Comics, Concept Art, Creative Ideas...
Monday, August 11, 2008
Who knows what evil lurks in the hearts of men?
George W. Bu..., oh, I mean, um, The Shadow of course!
Finally a commission where I get to draw a face (well, at least part of a face). Not to say that I don't love drawing Spider-Man or any other masked character. I love finding personality in the way I draw the masks. But still, it's nice to show that I can actually draw pretty nice faces once in a while.
I was delighted that Rick Foster commissioned this The Shadow piece. I've written in a previous post how much I love the 1970s The Shadow comic by Denny O'Neil and Mike Kaluta. I also have quite a bit of interest in the classic pulps from 1930s. Part of that interest comes from the interesting continuity of the character. The Shadow's alter ego is presented in most media and even most of the pulps as Lamont Cranston. The Shadow, however, is a master of disguise and he takes on numerous identities, including that of his agents. In the pulps it is established early on that Lamont Cranston is not the true identity of of the Shadow, but is one of his agents whose identity he uses most frequently. His true identity is Kent Allard who was a World War I fighter pilot who waged a war on criminals after the war was over. Interestingly enough, very little of the other media out there uses this true continuity, almost always referring to the Shadow as Lamont Cranston. This of course, leaves a great source of material, that is largely untapped.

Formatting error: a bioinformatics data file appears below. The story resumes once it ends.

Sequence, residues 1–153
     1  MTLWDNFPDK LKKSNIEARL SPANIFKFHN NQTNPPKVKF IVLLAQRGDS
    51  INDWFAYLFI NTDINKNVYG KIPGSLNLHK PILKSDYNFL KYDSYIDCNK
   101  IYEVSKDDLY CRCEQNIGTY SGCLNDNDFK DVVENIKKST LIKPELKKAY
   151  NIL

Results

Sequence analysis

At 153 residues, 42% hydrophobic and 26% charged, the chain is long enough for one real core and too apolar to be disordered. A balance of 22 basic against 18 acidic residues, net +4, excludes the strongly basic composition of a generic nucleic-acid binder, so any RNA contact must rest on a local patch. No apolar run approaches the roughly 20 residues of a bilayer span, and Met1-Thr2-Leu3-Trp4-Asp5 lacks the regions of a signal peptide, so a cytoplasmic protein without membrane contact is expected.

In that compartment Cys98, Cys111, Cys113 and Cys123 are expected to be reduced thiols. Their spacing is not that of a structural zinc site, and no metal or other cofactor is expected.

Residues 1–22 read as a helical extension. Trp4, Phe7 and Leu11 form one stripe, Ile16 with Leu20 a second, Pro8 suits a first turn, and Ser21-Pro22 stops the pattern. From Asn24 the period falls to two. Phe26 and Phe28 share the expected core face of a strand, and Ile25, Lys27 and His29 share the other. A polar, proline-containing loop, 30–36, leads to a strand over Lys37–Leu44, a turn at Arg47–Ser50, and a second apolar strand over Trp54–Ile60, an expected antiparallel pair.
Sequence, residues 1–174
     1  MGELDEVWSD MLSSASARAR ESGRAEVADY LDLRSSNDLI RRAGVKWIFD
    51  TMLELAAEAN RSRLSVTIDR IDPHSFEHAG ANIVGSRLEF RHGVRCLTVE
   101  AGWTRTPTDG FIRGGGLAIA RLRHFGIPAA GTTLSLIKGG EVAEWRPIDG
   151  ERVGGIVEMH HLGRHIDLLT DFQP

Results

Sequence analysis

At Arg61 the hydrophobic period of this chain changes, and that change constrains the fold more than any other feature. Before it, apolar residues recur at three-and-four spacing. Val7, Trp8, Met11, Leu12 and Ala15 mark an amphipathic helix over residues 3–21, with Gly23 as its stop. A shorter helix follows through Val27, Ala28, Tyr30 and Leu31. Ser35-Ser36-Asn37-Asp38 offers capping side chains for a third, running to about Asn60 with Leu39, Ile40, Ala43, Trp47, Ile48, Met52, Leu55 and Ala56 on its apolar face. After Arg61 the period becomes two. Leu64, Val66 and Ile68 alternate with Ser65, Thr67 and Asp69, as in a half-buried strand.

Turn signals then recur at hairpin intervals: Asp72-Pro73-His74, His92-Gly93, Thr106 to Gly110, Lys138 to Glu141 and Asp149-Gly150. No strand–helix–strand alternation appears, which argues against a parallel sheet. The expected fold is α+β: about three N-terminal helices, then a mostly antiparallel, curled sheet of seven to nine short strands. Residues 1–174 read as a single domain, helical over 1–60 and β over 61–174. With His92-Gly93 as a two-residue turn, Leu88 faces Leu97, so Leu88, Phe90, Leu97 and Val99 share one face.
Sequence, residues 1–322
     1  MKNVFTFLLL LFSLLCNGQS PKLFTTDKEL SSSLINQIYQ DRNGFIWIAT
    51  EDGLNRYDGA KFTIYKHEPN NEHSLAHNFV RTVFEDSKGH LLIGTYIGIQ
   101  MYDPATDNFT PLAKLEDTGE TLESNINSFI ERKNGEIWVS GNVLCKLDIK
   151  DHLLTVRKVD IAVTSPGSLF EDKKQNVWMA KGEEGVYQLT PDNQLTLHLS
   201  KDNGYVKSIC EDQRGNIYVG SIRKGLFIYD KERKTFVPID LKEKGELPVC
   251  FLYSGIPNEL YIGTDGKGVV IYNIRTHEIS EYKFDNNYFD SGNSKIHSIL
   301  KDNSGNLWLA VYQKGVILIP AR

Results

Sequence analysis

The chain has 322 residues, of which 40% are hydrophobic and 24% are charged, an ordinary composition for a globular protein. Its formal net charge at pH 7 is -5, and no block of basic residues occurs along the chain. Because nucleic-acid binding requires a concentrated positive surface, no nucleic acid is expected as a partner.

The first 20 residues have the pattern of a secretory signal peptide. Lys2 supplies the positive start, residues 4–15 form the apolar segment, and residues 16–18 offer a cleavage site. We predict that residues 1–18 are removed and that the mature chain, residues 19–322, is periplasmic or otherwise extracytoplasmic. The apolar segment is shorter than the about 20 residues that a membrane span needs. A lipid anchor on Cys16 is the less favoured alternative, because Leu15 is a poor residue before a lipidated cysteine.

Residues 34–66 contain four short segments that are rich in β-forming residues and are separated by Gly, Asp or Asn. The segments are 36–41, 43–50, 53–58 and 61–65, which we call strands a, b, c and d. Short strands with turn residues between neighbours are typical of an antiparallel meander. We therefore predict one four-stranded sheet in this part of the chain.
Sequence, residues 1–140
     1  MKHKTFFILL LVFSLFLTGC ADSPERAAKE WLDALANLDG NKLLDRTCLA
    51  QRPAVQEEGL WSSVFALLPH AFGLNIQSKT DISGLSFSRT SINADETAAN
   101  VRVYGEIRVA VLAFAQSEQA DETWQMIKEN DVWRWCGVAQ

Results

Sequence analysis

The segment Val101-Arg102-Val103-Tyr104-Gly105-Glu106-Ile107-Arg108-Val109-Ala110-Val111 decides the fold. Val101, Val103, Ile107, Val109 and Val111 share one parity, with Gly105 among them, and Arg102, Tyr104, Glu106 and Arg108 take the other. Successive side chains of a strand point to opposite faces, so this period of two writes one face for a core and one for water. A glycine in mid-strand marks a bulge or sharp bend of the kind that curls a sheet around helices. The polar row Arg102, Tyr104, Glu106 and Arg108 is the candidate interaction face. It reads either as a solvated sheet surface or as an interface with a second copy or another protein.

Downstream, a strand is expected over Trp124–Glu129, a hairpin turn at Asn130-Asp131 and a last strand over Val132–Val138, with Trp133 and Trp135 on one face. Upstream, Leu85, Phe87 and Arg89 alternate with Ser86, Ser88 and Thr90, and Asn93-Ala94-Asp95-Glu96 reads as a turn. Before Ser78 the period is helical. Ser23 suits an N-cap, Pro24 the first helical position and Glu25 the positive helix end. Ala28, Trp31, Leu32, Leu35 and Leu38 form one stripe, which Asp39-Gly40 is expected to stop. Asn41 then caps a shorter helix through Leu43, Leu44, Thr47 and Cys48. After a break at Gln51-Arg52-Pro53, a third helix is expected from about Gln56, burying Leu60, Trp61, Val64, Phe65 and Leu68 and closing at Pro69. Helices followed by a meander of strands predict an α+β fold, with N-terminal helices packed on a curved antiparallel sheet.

The Shadow is such a cool character. I am amazed that he isnt' more popular in the modern era, as the character's appeal is dark, broody, and violent, very much in the trends of today. Perhaps it's the timeline in the past that is harder for some to pick up on. I for one would rather The Shadow remain a character of the 1930s, as there is so much style and fodder for great fiction in that very interesting era.
Saturday, August 9, 2008
I've posted this image before but the design wasn't complete until now. The first thing that Spider-Man enthusiasts might notice here is that it reads "The Amazing Spiderman", without a hyphen separating the words "spider" and "man". This was very much intentional, for two reasons.
The most obvious reason is that the use of the hyphen really limits the way you can present the typography. If you take the character Batman, he started out as "The Bat Man", then became "Bat Man", and then finally "Batman". And now, with the latest animation cartoon show, he's "The Batman". Well, for some reason there is more flexibility in a character like Batman. We've seen him dark, we've seen him as a respectable role model, and we've seen him campy. In some versions a man named Joe Chill killed his parents. In other versions his parents killers remain faceless and uncaptured. In some versions his adversary, The Joker has an origin and he even has a name in a few. In others the Joker in an enigma, whom you never know how he became what he was. That flexibility has allowed Batman to remain popular throughout many generations. As popular as Spider-Man is, his precise identity and continuity is held very sacred, which I think makes Spider-Man more difficult to take in different directions.
Which brings us to the underlying reason for the change. As much as I'd love to just ignore the hyphen for aesthetic reasons, I would not dare make the change for that reason. Amazing Spider-Man #39 is one of my favorite comics. In fact, a reprint of the issue that's featured in Marvel Tales is the very comic that hooked me into becoming a collector. In that issue The Green Goblin had unmasked Spider-Man which was unheard of at the time and he revealed himself to be Norman Osborn. It was an amazing two part story that featured the debut of John Romita doing the art. John Romita's art was beautiful. He popularized the look of Spider-Man that my generation grew up with and he drew some gorgeous girls. It was an amazing issue.